More Works of Film, Literature, Mystery and More from James Pepper Rare Books
By Michael Stillman
James Pepper Rare Books has issued their Catalogue 170, otherwise unnamed, likely because of the diverse offerings. As usual, there are many items related to the theater and film, literary first editions and mystery, but where do you categorize We Saw Lincoln Shot. One Hundred Eyewitness Accounts? We'll let you contemplate that mystery, and proceed to a few examples of what is offered, with the caveat not to assume that we are at all covering all of the subjects you may find within the pages of this catalogue.
Item 126 is a copy of the first edition (in the spring issue of Pharos, published in Murray, Utah) of Tennessee William's first published full-length play and book. It is Battle of Angels, not his most successful work, printed in 1945. In the following decade, it was republished under the title "Orpheas Descending." However, while this work was more obscure, Williams was bursting into the public eye at the time as "The Glass Menagerie" had just made its debut on Broadway. Offered for $750.
Item 5 is the biography of a poet who suffered terribly through most of his life and was rewarded by being, essentially, forgotten. What a happy story this is! The book is The Life of Sumner Lincoln Fairfield, Esq., written and published by his wife, Jane Fairfield, in 1847. Fairfield was an only child, dominated by his mother, who achieved little financial success and was unable to cope with his failure, exacerbated by the fact that he had five children to support. That eventually fell to Jane while he wallowed in misery and died at a relatively early age (40). You can read his depressing story and three of his lengthy poems, including "The Sisters of Santa Clara," and what his wife describes as the "pathetic and beautiful poem" he wrote for her shortly before he died. This copy is inscribed by Mrs. Fairfield. $125.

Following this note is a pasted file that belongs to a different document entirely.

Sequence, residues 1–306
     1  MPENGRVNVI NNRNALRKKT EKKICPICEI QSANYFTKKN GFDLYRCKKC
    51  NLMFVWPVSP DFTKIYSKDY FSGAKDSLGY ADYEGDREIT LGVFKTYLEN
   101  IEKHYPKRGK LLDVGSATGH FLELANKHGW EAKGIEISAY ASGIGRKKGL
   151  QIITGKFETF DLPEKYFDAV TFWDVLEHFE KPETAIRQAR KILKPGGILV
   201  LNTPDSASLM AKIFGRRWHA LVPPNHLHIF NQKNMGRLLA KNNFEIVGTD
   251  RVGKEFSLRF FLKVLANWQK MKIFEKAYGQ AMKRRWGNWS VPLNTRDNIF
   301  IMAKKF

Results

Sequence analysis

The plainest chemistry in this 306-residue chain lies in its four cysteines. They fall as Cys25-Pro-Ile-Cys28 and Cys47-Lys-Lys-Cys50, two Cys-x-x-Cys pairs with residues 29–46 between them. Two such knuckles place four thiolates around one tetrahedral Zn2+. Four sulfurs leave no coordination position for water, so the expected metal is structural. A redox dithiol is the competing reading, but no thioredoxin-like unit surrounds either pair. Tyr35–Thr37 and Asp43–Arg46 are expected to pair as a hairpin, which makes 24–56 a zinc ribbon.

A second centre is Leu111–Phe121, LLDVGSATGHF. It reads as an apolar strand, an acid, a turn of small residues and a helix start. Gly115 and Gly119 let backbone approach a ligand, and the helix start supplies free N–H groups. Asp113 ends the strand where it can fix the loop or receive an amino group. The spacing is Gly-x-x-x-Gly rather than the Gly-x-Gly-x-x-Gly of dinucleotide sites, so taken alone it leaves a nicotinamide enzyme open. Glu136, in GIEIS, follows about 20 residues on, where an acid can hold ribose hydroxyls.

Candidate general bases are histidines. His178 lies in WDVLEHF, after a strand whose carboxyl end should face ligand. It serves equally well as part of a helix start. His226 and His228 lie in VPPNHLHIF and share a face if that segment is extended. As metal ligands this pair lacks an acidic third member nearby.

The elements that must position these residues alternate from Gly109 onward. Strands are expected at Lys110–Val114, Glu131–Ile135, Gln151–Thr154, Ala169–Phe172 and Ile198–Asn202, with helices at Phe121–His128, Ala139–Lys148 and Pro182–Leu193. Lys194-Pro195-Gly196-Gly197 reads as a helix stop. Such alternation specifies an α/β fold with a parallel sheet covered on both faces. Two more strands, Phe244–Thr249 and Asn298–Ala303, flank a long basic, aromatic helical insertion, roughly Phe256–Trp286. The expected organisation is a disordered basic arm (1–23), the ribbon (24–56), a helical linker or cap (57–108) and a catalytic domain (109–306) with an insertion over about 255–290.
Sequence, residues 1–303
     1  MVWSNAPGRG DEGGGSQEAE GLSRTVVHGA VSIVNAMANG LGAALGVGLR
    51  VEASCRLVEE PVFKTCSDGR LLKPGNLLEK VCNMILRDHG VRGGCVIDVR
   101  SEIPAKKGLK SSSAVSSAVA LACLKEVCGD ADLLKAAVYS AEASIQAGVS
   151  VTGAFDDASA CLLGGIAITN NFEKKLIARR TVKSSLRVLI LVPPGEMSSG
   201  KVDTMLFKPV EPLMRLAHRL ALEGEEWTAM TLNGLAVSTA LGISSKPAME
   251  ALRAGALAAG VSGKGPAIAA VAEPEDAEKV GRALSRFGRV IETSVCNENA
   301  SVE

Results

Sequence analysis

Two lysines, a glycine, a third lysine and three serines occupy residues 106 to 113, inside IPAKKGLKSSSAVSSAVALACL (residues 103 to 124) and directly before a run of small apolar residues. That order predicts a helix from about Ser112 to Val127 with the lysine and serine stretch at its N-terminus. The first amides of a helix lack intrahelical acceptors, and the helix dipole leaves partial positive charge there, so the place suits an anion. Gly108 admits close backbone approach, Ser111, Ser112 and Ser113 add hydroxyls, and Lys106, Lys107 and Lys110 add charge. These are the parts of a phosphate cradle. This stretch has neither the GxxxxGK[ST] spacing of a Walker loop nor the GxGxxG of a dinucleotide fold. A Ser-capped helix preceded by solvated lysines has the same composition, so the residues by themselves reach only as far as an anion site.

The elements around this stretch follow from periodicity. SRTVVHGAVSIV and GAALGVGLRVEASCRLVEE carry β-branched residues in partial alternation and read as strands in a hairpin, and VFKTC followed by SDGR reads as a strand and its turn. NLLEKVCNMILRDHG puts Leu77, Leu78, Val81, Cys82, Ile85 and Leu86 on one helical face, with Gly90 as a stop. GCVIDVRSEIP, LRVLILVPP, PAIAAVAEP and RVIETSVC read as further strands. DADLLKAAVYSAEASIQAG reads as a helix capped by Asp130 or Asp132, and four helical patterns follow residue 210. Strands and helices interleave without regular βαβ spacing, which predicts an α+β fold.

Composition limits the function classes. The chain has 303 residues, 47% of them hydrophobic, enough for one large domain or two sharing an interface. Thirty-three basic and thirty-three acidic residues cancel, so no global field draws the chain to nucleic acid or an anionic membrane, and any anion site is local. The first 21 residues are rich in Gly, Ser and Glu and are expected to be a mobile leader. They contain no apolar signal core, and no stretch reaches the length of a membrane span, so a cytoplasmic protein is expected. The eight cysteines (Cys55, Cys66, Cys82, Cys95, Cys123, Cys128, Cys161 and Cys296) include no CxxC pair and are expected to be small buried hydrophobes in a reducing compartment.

How many of you remember Jim Backus? He was a character actor of the mid-20th century, playing the stuffy Thurston Howell III on Gilligan's Island and James Dean's father in Rebel Without a Cause. He even had his own television program, the Jim Backus Show, for one year. However, he is probably best remembered for his invisible role, as the voice of Mr. Magoo (he looked a little like Magoo). Backus (with his wife) also wrote a few books, and recorded a couple songs. His record, Delicious, from the 1950s, where an inebriated Backus and equally drunk lady friend enjoy a glass of champagne is a classic. Item 10 is Backus Strikes Back, inscribed by authors Jim and Henny Backus, with a forward by George Burns. Published in 1984. $150.
Certainly you must remember the television show Manolo of the Seven Seas. It featured actor Jon Hall, who had appeared in several South Seas movies in the 1940s and starred in the early television show Ramar of the Jungle, as Dr. Tom "Ramar" Reynolds. If you're still drawing a blank on Manolo, it's understandable. It never made it to the small screen. And if Hall is kind of obscure, his wife of several decades, Frances Langford, was a well-known singer and actress of the era, as well as half of the famous feuding Bickersons. Item 88 is Hall's copy of the never-produced Manolo of the Seven Seas. $250.